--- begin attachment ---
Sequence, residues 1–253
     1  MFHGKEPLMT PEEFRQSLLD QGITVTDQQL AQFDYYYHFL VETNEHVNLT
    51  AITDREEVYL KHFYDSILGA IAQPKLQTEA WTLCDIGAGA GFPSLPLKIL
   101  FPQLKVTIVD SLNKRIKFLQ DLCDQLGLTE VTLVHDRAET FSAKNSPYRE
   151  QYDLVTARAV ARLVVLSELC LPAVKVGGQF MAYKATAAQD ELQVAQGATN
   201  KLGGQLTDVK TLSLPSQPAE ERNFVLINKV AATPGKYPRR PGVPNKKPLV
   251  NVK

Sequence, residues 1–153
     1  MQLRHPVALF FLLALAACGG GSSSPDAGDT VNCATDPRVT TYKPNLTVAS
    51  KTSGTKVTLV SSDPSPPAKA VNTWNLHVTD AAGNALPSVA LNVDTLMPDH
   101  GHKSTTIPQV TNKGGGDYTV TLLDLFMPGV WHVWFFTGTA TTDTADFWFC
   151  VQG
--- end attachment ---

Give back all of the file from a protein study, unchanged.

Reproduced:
Sequence, residues 1–253
     1  MFHGKEPLMT PEEFRQSLLD QGITVTDQQL AQFDYYYHFL VETNEHVNLT
    51  AITDREEVYL KHFYDSILGA IAQPKLQTEA WTLCDIGAGA GFPSLPLKIL
   101  FPQLKVTIVD SLNKRIKFLQ DLCDQLGLTE VTLVHDRAET FSAKNSPYRE
   151  QYDLVTARAV ARLVVLSELC LPAVKVGGQF MAYKATAAQD ELQVAQGATN
   201  KLGGQLTDVK TLSLPSQPAE ERNFVLINKV AATPGKYPRR PGVPNKKPLV
   251  NVK

Sequence, residues 1–153
     1  MQLRHPVALF FLLALAACGG GSSSPDAGDT VNCATDPRVT TYKPNLTVAS
    51  KTSGTKVTLV SSDPSPPAKA VNTWNLHVTD AAGNALPSVA LNVDTLMPDH
   101  GHKSTTIPQV TNKGGGDYTV TLLDLFMPGV WHVWFFTGTA TTDTADFWFC
   151  VQG